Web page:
2008: The Chinese invasion along its
border with North Korea continues. Over the last year, the use of Chinese
currency has become widespread. North Korean currency is seen as unreliable and
more prone to inflation. Merchants in the free markets now prefer to get paid
in Yuan (the Chinese currency). A year ago, only the wealthy had Yuan, but
since then, Chinese traders, seeing an opportunity, have flooded the border
region with Yuan, and found a ready market. Smuggling from North Korea into
China continues to grow, and the smugglers now want to be paid in Yuan. First
Chinese products, then Chinese cell phones, now Chinese currency. The North
Korean government cannot crack down too hard on this Chinese invasion, because
the Chinese have made it clear that they will shut down the border to North
Korean officials, and take whatever other measures that are necessary, to
protect Chinese interests. China is North Korea's last "friend" in the world
(unless you count Cuba, which few in North Korea do), and one the North Korean
ruling class cannot afford to push too far.
2008: The long simmering dispute over who
owns the uninhabited Dokdo (Takeshima to the Japanese) islands in the Sea of Japan
(East Sea in Korean) continues. North Korea (because they also hate Japan) and
Russia (because Japan claims the Russian Kuril islands) back South Korea. The U.S. tried to back out this dispute by
changing its maps to show the uninhabited islands belonging to no one. But the South
Korean found out about that and raised a stink. The U.S. reversed that
decision, but let it be known that it would not go much further than that.
Meanwhile, South Korea threatens to escalate the situation by building a hotel
on one of the islands. There is some chance that all this could lead to
shooting between South Korea and Japan over this.
really going on here is continued Korean resentment of Japanese colonial
occupation from 1910-45, and centuries of Japanese aggression towards Korea.
Both countries have been sending more air naval reconnaissance missions to the
islands, and the mass media in both countries have been jumping all over the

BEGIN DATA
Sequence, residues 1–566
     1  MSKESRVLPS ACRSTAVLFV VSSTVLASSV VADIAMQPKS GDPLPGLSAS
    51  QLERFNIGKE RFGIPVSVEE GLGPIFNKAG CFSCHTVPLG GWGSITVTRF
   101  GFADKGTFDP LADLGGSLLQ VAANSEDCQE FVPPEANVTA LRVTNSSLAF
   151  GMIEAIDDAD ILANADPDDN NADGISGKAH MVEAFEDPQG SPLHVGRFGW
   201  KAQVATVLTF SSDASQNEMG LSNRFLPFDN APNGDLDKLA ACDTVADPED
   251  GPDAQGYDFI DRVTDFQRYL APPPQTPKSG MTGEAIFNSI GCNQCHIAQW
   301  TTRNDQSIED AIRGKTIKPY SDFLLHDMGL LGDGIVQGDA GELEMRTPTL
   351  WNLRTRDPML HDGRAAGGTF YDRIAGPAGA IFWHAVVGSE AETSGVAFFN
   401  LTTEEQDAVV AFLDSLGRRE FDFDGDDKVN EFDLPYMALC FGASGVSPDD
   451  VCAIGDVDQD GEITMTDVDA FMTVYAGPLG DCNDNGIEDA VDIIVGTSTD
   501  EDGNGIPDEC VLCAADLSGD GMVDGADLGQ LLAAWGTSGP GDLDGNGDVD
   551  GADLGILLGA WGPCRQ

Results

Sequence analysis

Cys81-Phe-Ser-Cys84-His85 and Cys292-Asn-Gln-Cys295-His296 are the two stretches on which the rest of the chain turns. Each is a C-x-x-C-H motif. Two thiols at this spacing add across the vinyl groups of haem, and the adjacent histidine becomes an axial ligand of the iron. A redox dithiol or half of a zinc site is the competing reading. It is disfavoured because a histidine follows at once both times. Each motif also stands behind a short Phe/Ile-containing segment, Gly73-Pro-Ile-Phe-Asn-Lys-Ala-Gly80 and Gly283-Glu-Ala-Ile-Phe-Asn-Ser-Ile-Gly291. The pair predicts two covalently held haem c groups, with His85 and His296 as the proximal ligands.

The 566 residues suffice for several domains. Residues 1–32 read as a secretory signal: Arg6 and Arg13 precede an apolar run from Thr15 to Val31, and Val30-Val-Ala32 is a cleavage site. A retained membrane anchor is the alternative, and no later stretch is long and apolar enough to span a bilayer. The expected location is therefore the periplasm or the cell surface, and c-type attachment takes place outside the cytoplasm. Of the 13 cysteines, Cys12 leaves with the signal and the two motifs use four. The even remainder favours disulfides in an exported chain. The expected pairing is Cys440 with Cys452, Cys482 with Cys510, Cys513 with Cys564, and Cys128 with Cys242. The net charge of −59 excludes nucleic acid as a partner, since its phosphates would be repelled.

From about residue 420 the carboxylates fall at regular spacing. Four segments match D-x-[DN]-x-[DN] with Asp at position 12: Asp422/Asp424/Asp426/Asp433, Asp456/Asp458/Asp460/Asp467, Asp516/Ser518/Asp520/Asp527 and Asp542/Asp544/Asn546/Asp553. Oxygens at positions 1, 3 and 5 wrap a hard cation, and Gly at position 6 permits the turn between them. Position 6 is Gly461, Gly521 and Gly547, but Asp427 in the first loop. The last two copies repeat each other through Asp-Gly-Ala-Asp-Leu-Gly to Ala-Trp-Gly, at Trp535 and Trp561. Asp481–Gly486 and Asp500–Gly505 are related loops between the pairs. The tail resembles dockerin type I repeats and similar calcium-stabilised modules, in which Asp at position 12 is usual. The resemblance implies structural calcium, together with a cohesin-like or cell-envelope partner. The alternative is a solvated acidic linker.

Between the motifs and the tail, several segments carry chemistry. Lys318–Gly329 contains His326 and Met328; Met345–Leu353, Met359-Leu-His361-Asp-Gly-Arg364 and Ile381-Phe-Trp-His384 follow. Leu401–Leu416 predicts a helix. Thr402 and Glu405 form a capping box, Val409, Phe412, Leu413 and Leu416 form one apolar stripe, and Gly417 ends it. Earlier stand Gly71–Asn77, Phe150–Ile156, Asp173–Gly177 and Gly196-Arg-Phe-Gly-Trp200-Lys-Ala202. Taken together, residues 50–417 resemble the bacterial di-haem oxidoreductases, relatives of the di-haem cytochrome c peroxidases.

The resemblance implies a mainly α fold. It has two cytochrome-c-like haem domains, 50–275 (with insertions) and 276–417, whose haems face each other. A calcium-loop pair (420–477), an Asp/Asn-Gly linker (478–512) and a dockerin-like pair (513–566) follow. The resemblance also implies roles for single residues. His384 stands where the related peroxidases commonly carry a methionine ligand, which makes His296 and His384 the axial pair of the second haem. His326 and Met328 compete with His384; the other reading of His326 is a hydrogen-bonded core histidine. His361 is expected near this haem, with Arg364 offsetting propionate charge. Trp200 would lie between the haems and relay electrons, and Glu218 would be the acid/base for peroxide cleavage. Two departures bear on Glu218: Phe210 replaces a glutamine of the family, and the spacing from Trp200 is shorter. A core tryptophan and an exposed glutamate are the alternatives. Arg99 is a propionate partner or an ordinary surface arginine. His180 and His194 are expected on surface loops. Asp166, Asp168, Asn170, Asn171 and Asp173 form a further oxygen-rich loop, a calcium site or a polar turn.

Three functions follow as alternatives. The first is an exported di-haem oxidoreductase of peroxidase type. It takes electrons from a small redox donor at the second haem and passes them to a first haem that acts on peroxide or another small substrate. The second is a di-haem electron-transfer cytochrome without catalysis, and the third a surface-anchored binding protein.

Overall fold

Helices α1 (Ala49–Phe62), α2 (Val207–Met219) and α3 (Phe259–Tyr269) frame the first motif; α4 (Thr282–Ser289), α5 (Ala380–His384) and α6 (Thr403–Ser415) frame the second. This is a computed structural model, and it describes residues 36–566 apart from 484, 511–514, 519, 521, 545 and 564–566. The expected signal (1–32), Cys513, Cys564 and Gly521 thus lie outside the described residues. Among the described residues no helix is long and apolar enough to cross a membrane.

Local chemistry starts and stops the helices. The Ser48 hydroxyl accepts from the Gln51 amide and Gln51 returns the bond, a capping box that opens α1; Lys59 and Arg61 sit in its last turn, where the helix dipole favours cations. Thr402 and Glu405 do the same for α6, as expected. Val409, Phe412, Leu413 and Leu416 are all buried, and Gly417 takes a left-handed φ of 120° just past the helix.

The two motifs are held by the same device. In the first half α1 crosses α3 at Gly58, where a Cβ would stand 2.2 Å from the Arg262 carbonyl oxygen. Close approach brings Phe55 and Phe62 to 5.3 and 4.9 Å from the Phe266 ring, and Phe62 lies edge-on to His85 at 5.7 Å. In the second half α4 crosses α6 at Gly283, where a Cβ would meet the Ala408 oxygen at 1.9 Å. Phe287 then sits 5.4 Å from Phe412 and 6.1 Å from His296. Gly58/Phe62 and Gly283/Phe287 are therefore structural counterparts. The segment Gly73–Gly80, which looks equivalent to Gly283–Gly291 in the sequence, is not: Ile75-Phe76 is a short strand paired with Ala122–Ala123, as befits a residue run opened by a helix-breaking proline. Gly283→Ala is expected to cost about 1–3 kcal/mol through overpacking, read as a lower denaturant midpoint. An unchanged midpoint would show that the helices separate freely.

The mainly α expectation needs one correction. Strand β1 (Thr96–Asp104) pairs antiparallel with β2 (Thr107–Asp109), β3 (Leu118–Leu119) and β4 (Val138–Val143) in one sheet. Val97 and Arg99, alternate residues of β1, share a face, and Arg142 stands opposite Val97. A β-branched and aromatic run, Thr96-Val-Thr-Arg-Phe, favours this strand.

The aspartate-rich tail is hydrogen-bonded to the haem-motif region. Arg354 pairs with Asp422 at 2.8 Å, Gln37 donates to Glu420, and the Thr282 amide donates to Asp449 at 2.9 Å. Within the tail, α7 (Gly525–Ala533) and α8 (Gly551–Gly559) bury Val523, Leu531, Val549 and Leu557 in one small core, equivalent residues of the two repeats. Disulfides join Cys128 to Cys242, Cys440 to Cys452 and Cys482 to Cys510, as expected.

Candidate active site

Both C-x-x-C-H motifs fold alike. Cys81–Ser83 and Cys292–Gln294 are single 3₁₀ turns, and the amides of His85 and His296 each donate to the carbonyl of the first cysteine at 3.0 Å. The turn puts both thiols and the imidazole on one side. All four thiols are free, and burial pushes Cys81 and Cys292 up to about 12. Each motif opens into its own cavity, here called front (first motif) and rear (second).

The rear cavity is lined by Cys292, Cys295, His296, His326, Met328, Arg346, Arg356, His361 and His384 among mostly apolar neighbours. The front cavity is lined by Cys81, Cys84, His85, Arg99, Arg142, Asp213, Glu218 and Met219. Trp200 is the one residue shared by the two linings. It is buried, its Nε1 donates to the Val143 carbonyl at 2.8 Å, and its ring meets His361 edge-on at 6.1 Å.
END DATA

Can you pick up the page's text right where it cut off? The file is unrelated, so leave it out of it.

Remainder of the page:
2008: North Korea has given the UN
permission to set up an emergency food program for some six million North
Koreans who are starving. In the past, North Korea diverted much of the food
aid to other uses (including openly exporting it to China for cash). That may
happen again, and that's why many donors are no longer willing to contribute
cash or food for North Korea. While the UN may get in there, it appears that
not enough food will be available to distribute.
2008: South Korea has been providing
rice to North Korean border guards and troops along the DMZ, when they noticed
that the government has (earlier this year) cut rations for government
employees (including the police and military.)
2008: Although South Korea is becoming a
major weapons exporter, it is still a major importer. In fact, Israel and South
Korea have both imported the same quantity of U.S. weapons over the last five
2008: Since a North Korea border guard
shot and killed a South Korea tourist two weeks ago, visits to the north have
dropped 25 percent. In response, North
Korea threatens to expel some of the 260 South Koreans working at the Diamond
Mountain resort where the shooting took place.
2008: The U.S. has changed its
negotiating tactics with North Korea, and is using high level officials to
negotiate with their North Korean counterparts. The current objective is to get
the North Koreans to agree to verification for recent claims that they had
dismantled parts of their nuclear weapons program (a precondition for U.S. food
and economic aid). North Korea refuses to allow verification, and demands "respect
as a nuclear power." North Korea isn't a nuclear power, as all they did was set
off a poorly designed nuclear device. But North Korea always thinks big and
asks for the impossible.
2008: South Korea is sending nine
counter-terrorism experts to join its peacekeeping unit in southern Lebanon.
The UN force there is under constant threat by local Islamic radicals
(Hizbollah), and South Korea wants to minimize the danger to the 350 support
troops it has there.
2008: In the north, the potato harvest
has been good, but in areas where potatoes are not cultivated, there is
starvation, with large segments of the population appearing very thin and